Quitting Isn’t Easy…Even for a Quitter

In my mind, I quit my job today. It was somewhere between being asked to attend yet another meeting/conference call and finding a misprint (or misquote) in a major news publication about our “sexual exploration” program for youth.

Last month, the same thing happened. That time, I mentally resigned about 3 seconds after I typed the term “consensual slavery” in a newsletter. Granted, it was biographical information about a speaker and not a solicitation but still…some things just can’t be unread.

When I took this job as a grant writer for a LGBT organization in the summer of 2011, I was just a few years out of the closet, alone in a strange city, and looking for a community to help me better understand myself and my “new” place in the world. And yes, I was looking for a way to put my writing skills to good use and finally earn an income doing something worthwhile. But that was then…

Don’t get me wrong. I don’t feel the fight for equality – for ALL people – is any less worthwhile today that it was 5 years ago; but between the meetings, the newsletters, the website updates, and being the go-to IT person for the organization, my desire to carry on that fight is beginning to wane. Plus, it’s been a very long time since I’ve felt like I was making a meaningful contribution through my writing. And I suppose, as time has gone by, my personal interests have changed too. The things that fire me up now are more environmentally centered – food waste, wildlife conservation, and sustainability of our natural resources – among others.

I’ve quit more than 40 jobs in my lifetime. A few I walked out mid-shift. One I quit on principle after being asked to do something unethical. One I quit (probably just as I was about to get fired) because I refused to retract a statement on Facebook calling the owner of the company inept. Most I quit just because I wanted to do something more interesting.

I know I want to quit this job. I know because I’ve mentally quit nearly a dozen times already this year. Given my track record, quitting should be easy but this time it’s different. For some reason I am afraid.

Ok, there it is…the elephant in the room: FEAR. I’m not usually a very fearful person. I mean, gee whiz! I once moved cross-country to a place I’d never even heard of before!

I don’t think (but it might be) the fear of financial failure. I’ve been broke and I survived, and while I’m pretty sure I’ve learned enough about resourcefulness not to let it happen again, there’s always the lingering memories to remind me just how horrible it was to lose everything.

I don’t think (but it could be) the fear of regret. No matter how many jobs I’ve ever loved (or hated) in my life, there have been none that I’ve regretted leaving…so far…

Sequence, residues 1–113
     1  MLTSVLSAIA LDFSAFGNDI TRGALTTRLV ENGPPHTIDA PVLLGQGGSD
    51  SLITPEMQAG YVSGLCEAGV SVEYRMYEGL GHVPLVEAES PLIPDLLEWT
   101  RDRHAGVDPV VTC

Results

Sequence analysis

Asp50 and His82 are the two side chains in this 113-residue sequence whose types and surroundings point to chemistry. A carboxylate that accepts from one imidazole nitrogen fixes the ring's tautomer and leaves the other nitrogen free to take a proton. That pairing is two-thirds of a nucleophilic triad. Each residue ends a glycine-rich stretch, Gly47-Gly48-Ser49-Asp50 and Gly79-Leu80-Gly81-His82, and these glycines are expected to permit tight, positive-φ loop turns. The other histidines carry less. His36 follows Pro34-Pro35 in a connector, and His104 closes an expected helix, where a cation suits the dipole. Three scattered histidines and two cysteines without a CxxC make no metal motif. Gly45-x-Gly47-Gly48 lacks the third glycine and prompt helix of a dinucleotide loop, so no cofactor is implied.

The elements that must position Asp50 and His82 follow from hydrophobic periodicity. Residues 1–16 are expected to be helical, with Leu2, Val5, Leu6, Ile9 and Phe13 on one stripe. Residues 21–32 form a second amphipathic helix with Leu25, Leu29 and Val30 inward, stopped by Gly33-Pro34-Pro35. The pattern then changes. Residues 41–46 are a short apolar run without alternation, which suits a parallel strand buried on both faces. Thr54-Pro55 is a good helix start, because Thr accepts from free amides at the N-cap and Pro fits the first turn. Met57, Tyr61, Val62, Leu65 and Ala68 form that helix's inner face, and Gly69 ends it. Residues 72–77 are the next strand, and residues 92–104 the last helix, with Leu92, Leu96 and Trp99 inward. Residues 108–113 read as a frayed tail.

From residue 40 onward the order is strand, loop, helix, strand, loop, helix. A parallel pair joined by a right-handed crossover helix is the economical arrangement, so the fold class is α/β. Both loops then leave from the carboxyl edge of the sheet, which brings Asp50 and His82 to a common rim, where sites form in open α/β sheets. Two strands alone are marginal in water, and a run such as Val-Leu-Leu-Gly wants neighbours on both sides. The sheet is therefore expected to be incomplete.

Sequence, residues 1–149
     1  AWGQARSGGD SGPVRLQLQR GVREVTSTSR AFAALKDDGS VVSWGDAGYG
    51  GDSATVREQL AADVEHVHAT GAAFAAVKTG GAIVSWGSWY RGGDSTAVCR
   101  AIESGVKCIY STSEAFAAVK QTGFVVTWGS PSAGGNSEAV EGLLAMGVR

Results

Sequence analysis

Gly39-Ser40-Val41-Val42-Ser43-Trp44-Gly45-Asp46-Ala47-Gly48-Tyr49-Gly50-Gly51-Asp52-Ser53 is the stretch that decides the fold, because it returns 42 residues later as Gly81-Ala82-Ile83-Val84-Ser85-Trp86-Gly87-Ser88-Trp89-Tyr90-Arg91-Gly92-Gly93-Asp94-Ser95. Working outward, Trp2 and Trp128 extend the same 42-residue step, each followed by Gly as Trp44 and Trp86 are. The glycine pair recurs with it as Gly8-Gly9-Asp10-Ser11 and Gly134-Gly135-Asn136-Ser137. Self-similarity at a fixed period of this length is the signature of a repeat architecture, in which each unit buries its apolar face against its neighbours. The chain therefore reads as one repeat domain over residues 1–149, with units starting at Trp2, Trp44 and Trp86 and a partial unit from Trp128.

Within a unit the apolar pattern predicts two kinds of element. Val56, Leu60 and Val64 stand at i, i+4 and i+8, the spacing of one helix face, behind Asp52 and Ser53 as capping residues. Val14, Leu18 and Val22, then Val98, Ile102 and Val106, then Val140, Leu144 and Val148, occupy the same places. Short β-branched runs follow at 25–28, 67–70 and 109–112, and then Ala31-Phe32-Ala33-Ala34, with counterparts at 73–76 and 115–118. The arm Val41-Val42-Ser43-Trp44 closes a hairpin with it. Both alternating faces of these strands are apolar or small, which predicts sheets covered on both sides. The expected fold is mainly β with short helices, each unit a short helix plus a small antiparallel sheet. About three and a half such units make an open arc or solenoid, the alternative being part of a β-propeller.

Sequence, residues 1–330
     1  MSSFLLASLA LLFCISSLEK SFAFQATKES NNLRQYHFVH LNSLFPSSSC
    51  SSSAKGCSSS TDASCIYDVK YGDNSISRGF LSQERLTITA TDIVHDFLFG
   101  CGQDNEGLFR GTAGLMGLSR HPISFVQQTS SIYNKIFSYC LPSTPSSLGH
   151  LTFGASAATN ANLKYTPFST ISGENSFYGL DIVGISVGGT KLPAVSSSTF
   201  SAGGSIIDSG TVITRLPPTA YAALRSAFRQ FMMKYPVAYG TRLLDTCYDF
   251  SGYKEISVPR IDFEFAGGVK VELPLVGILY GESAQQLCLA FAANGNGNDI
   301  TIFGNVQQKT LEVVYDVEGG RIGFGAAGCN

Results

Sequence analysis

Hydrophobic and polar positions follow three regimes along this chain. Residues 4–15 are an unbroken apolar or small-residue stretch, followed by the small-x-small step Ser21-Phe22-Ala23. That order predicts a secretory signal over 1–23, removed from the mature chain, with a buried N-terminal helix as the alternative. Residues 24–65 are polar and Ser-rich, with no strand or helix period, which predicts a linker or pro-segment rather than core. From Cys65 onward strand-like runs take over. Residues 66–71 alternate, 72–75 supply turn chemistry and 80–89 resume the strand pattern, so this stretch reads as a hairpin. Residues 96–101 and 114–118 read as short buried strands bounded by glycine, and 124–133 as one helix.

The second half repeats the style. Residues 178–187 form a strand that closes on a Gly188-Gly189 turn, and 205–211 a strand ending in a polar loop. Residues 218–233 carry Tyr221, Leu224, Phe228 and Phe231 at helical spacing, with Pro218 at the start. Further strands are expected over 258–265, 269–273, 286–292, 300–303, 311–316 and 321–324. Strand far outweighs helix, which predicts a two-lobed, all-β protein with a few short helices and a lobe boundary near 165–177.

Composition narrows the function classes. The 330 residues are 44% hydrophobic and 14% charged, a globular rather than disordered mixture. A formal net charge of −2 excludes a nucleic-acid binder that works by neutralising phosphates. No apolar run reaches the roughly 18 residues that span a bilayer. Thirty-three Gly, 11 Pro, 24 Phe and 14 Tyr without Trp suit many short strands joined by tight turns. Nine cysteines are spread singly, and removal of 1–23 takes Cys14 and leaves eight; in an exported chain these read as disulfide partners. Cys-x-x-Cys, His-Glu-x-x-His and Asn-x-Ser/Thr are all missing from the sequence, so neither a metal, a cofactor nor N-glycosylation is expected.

I don’t think (but it’s possible) I’m afraid of never having the same level of autonomy in another job. I pretty much decide what I want to work on, when, and how. Rarely, if ever, does anyone check my work. I like to think they trust me but perhaps it’s just a case of out of sight, out of mind LOL.

I don’t think (but it very well may be) the fear of letting my mom down. She prides herself on having one successful child and as someone who measures worth by work, I don’t know how to explain to her that I don’t want to do it anymore…and just when she thought I’d finally grown up 🙂

Or maybe it’s all of the above plus fear of the unknown.

Have you ever loved your work but hated your job? Did you quit? If so, how did you overcome the fear of leaving?

6 thoughts on “Quitting Isn’t Easy…Even for a Quitter

  1. Hell yea, I quit my job every morning when I log into work. Sadly, I am in no position to physically quit due to stupid financial decisions but I am sure looking forward to the day. I just want to try something new but I have limited those options by needed XXX number of $$ to meet my ‘financial obligations’. I often want to just walk away from those. It’s consumer debt and I have more than repaid the credit card companies in interest. Unfortunately, the ‘do the right thing, Cam’ voice stops me from doing that. When I have quit jobs in the past, I really didn’t have the fear as I usually had another job lined up. Perhaps you can check out temp jobs for a change of pace? Or volunteer in one of the areas of interest and a paying job just might fall into your lap. Enjoyed the post!

    Liked by 1 person

  2. First off, congrats! I feel it takes a level of bravery to quit especially the older we get. I’ve quit a number of jobs and it always is difficult even if you are moving on to a better place. We spend so much time at work and a change in routine (even one we hate) can take some getting used to. Good luck! I am excited to read about your next adventure!

    Liked by 2 people

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